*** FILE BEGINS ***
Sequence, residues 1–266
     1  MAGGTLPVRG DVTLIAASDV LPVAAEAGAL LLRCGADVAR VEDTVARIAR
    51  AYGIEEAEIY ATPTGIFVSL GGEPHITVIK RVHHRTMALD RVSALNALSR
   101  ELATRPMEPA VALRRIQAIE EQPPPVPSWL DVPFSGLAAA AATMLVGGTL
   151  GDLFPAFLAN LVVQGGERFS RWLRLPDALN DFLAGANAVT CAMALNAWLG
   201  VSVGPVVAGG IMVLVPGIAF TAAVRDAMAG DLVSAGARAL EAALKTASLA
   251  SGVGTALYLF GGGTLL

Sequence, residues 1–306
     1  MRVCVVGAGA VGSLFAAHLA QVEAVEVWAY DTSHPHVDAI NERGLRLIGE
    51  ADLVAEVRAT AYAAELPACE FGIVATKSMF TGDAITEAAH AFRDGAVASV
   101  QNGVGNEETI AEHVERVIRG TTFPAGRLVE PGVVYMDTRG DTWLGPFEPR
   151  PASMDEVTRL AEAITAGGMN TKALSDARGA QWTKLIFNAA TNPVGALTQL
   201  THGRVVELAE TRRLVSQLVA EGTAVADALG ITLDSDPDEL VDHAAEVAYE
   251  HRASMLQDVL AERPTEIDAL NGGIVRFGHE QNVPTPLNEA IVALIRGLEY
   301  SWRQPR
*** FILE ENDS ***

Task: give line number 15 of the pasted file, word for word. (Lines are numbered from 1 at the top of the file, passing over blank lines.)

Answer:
   301  SWRQPR